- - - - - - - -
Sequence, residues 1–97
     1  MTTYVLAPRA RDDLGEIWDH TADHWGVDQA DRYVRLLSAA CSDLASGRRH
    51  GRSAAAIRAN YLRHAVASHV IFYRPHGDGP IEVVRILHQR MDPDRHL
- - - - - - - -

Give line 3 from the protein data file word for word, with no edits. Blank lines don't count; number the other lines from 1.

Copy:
    51  GRSAAAIRAN YLRHAVASHV IFYRPHGDGP IEVVRILHQR MDPDRHL